February 2013


Locked Out.

This afternoon I couldn’t get into my office – the key just would not turn. No matter how hard I tried.

It was a bit inconvenient as I actually wanted to go home, but my coat was still inside the office.

Not sure what to do, I popped down to the nearby administrative assistant and said (in German), my key doesn’t work – this is, surprisingly, a bit difficult to communicate, namely because how often do you hear somebody actually say this in any language?

Briefly I was taken back to the day that I tried to explain to another administrative assistant that I had just found a homeless man sleeping in the printer room – actually that was a lot more difficult to explain because I had just locked myself into my office and had started dialing numbers randomly because it was early on a Monday morning and I had no idea who was appropriate to call. Plus, I’d never tried to communicate such an idea in English or in German. The assistant understood everything I said, but ultimately it made no sense to her.

Fortunately, this time, there was somebody who was able to translate, although, by this time, the administrative assistant had comprehended what I had said and was on her way to try the door with her master-key.

Her master-key didn’t work, and the translating colleague informed me that this was a new way to fire me – I was no longer employed by the firm and that everything in the office belonged to them now.

“Even my jacket?”

Even my jacket, he explained.

Funny enough, losing my job had been the first thought to go through my mind the first time the door behaved a bit funny on me, about a week ago. Stupidly I hadn’t reported the problem back then because it wasn’t happening consistently and I was worried that if I complained and the Hausmeister stopped by to visit, that the door would work flawlessly, much like the car that makes a funny noise never makes it in front of the mechanic.

In the meantime the administrative assistant had called the Hausmeister who stopped by and discovered that his master-key too did not work – we’re now up to three. He called another Hausmeister, and by now, we’re up to four master-keys not working in my door.

They called the emergency service – and I was left to wander the building and visit colleagues – for what else was I going to do? It was too cold to go home without my jacket and I couldn’t work without my computer. In my meanderings, I encountered another colleague with a master-key (I must be the only person in the building whose key only opens the front door and my individual office door), and he was so intrigued by this that he too stopped by – five master-keys defeated.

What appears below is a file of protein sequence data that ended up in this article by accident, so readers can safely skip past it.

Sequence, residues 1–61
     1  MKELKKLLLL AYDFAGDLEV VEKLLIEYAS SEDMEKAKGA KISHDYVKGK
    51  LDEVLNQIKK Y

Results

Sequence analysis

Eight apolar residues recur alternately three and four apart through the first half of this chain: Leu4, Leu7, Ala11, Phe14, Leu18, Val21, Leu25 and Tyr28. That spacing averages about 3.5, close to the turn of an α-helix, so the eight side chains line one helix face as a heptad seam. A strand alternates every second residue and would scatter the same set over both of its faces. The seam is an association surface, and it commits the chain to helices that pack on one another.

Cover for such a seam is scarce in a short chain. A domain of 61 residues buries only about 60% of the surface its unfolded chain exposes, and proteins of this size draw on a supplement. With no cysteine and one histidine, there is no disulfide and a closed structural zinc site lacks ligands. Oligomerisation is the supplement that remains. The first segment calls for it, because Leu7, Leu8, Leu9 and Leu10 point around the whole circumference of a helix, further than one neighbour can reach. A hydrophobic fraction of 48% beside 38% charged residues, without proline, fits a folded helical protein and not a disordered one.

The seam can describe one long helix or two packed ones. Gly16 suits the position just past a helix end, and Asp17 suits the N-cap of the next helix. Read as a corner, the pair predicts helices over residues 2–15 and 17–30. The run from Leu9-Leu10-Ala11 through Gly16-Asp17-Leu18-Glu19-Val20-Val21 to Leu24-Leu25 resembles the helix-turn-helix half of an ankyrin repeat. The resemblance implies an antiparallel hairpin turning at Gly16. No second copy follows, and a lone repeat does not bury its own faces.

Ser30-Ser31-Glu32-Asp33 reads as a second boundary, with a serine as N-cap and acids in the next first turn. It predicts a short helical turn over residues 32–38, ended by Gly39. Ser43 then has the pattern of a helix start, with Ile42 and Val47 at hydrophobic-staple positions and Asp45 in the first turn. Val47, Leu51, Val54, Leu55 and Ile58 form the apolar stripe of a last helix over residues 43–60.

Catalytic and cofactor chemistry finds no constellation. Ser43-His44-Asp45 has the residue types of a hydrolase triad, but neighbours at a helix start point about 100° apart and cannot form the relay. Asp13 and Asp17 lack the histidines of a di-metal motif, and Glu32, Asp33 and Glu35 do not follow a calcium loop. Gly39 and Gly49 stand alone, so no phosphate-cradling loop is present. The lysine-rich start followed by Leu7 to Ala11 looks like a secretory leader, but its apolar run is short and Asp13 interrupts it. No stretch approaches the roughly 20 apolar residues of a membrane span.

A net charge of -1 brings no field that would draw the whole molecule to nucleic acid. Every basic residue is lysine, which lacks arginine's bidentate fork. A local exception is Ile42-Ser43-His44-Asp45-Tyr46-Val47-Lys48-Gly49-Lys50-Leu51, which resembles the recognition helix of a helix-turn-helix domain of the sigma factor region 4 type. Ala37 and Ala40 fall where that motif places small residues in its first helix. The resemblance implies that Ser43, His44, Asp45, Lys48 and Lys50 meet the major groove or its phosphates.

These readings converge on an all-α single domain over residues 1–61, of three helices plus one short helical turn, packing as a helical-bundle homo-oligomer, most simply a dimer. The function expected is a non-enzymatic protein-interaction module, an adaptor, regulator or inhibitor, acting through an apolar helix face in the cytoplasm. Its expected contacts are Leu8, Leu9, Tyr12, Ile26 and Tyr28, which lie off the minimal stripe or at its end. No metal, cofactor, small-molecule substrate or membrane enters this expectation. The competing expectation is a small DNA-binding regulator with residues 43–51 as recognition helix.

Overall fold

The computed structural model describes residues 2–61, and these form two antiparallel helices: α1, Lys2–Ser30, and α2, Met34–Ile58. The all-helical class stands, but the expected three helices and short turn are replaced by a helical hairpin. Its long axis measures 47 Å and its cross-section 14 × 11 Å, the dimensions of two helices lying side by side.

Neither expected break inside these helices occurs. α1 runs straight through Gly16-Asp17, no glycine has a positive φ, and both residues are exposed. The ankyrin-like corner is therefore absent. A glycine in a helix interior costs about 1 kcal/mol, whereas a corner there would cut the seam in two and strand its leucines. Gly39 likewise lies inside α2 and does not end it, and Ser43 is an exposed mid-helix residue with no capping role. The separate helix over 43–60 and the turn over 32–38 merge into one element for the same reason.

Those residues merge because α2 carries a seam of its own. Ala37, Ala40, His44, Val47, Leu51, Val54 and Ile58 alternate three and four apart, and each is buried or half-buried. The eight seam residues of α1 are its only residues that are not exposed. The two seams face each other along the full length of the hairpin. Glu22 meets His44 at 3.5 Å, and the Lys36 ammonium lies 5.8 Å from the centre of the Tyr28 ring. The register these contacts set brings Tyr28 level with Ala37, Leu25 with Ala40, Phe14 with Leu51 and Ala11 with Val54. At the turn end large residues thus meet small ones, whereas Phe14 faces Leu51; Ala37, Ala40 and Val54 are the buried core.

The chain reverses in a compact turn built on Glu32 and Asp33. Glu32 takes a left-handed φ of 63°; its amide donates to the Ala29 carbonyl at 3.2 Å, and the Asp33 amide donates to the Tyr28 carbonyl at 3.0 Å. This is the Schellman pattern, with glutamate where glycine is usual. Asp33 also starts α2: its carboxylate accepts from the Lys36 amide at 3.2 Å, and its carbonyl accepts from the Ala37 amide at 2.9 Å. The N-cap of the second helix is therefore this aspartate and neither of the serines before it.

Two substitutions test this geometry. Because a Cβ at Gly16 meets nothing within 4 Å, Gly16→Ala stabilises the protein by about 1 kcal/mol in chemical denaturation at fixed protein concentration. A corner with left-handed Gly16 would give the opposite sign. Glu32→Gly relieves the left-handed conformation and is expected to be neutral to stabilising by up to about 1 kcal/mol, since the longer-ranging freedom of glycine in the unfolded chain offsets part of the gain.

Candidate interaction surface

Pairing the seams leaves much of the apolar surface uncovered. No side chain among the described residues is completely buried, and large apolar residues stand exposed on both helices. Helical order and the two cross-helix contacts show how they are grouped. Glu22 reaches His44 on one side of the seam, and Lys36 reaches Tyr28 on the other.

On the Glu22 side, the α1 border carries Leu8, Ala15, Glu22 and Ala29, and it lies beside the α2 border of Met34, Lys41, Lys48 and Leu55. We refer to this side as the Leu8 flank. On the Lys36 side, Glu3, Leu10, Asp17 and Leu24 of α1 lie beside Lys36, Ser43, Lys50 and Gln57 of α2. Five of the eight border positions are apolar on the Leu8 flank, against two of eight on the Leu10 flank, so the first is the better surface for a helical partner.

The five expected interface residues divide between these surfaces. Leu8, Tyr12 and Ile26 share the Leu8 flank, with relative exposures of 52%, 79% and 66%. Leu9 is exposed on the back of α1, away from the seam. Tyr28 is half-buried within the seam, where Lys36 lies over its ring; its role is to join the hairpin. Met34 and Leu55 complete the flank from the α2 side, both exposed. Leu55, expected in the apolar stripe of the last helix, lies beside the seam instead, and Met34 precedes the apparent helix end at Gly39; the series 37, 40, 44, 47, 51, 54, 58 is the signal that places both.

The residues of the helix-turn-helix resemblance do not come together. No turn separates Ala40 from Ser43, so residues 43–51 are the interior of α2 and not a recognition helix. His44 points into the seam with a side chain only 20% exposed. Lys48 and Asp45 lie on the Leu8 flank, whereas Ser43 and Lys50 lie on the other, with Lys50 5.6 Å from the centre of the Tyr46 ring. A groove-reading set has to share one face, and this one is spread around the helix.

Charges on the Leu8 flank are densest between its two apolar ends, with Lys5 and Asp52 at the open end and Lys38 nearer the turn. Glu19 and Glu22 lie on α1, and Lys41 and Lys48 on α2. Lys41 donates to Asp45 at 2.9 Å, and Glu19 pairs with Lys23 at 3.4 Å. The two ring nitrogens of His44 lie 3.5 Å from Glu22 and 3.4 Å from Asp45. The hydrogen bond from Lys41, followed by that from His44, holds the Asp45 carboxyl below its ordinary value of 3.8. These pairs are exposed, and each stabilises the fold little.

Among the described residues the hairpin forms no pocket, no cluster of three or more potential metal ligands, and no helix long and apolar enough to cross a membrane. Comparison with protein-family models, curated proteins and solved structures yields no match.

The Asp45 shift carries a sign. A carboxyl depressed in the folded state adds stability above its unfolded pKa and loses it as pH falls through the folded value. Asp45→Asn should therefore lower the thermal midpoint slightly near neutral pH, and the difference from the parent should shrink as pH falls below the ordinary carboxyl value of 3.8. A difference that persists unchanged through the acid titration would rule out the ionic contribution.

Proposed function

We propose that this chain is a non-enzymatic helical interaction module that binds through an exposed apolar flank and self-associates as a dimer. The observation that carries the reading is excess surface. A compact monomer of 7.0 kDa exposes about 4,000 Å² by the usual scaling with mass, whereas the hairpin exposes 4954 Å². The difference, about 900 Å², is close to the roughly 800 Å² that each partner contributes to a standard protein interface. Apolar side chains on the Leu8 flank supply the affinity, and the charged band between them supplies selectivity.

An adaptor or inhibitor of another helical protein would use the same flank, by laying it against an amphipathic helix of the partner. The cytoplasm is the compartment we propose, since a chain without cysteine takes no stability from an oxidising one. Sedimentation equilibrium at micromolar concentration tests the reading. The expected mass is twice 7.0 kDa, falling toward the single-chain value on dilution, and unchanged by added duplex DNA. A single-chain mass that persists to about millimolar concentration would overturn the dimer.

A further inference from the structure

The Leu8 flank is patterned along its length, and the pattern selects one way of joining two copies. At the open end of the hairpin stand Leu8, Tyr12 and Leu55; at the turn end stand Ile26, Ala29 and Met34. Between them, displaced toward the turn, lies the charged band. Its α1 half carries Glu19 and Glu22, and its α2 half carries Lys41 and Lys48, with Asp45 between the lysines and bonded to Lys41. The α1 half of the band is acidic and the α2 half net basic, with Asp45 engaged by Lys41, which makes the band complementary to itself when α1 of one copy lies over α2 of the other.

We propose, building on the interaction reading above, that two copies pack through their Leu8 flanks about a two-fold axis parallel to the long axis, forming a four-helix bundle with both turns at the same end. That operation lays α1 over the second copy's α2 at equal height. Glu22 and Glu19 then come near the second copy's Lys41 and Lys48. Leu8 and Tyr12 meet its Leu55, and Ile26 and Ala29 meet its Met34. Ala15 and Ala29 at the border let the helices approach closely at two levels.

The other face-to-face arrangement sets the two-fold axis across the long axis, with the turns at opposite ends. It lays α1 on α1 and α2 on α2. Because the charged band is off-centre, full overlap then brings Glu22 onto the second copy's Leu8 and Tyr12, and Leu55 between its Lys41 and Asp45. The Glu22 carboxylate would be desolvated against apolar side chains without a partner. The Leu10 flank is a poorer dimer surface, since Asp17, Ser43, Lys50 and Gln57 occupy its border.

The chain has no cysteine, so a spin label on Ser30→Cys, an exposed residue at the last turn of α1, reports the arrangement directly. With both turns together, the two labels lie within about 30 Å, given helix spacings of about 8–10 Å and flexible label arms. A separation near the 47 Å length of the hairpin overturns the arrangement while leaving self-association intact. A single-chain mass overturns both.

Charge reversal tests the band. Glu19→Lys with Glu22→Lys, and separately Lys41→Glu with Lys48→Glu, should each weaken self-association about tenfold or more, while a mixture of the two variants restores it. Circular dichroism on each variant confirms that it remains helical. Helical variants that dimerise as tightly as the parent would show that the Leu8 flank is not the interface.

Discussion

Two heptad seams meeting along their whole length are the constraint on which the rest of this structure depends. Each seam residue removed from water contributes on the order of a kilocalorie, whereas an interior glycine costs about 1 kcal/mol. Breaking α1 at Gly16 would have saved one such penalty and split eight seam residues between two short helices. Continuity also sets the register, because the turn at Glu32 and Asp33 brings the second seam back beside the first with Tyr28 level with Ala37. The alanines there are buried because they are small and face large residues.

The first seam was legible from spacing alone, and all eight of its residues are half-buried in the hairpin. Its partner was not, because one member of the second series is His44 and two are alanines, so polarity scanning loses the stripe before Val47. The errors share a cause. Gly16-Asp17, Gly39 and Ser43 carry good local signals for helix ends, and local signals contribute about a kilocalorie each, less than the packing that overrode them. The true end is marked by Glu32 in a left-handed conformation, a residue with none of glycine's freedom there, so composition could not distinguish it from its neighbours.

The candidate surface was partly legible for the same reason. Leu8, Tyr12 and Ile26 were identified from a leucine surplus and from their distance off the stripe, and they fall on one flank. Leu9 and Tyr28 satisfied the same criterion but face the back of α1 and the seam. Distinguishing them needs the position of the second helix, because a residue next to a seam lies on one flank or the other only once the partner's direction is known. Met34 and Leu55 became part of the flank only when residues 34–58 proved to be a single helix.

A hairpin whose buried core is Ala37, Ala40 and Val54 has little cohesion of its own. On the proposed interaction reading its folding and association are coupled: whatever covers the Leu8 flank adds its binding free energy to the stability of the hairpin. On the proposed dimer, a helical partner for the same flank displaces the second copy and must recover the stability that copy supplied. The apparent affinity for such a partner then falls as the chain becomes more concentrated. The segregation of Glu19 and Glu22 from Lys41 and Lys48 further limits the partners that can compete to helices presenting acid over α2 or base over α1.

What do you call a master who is defeated?

There’s got to be a joke in there somewhere, but I’m not up enough on marshal arts rankings to know.

Fortunately it took only about an hour from the time I reported the problem to the time that the emergency service arrived and fixed the problem, leaving me with a functional lock and an office smelling of WD-40 and other tools.

I grabbed my jacket, re-locked my door, and headed out.

3 comments to Locked Out.

  • Any problem which cannot be solved by WD-40 can be solved by duct tape. Any problem which cannot be solved by duct tape, can be solved by WD-40. Master keys do not solve problems. If the slave key doesn’t work, why should the master key? Have you Earthlings learned nothing since we took over your planet?

  • “Even my jacket, he explained.” Well, this was funny, a bit. But I see you survived the excitements of your life, again. 🙂

  • Prashanth

    “marshal arts” LOL!
    Does “SB” or “Shaw Brothers” mean anything to you? 😛

    .. any way 🙂 A quick google found me this information on Shaolin traditions on defeated masters: “A challenger defeats a master. The best student of the defeated master travels all over the country to find the counter-technique.”

    So, your Hausmeister needs to send his apprentice to find a counter-technique to open the door by force 🙂